Thanks again,

Suman

(Drooling from across the pond...)

Link to comment
Share on other sites

Monica -

When you buy the big box of curry leaves, are they dried or fresh?  I can only seem to find the fresh ones at the Indian grocery store which I frequent, and for some reason I never end up making the dish I bought them for that night, and then it turns into a week, and the darn things have gone bad before I get a chance to use them... I'm sure they will taste wonderful if I can ever get my timing together...

People swear by frozen leaves. I just prefer to use them fresh. I think time it such that you can use it.. they are inexpensive now. The other thing is to spend five bucks and get a tiny curry plant. That way you have them when you need them. ANd they are always fresh. Heck even I can grow a curry plant.. trust me.. I kill silk flowers. So if I can do it, anyone can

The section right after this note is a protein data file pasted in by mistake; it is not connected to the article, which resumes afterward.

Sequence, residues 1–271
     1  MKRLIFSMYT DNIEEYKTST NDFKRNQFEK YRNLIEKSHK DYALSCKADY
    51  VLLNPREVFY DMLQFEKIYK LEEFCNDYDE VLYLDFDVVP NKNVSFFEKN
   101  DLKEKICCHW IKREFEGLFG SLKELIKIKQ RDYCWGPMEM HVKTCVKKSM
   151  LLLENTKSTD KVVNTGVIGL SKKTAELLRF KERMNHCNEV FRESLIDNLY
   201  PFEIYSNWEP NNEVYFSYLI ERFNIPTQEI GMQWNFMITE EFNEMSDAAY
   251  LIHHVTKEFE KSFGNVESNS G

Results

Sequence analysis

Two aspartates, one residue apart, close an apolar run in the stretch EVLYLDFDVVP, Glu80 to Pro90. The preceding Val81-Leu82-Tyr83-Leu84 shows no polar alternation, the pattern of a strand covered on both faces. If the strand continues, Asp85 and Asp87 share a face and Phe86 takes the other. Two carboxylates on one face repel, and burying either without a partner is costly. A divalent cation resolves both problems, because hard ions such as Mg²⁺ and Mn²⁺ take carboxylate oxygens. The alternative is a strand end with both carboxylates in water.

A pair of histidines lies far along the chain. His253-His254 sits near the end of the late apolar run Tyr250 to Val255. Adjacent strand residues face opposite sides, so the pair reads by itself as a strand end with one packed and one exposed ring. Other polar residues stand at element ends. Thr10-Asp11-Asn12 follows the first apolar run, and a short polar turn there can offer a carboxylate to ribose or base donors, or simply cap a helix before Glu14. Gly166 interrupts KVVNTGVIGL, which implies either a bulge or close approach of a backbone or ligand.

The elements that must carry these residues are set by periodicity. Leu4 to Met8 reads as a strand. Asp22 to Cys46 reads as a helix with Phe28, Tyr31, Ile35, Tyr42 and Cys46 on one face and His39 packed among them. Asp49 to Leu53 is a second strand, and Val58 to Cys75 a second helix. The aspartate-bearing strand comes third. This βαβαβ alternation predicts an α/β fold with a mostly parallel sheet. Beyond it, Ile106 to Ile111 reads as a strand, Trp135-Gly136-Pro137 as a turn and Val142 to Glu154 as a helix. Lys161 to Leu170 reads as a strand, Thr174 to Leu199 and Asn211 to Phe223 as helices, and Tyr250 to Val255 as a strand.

I do use frozen leaves as well, but that is usually my extra stock when I buy a fresh packet and don't use them all. I just take the leaves out of the freezer about 10 minutes before I want to use them. Not bad, but fresh is always better. I'm definitely interested in getting a plant now, though. Would you recommend I look online for a seedling to purchase, or in a nursery? I grow a lot of herbs, but I don't think I've ever seen one. Would an Indian market sell this sort of thing?

aka Michael

Chi mangia bene, vive bene!

"...And bring us the finest food you've got, stuffed with the second finest."

"Excellent, sir. Lobster stuffed with tacos."

Link to comment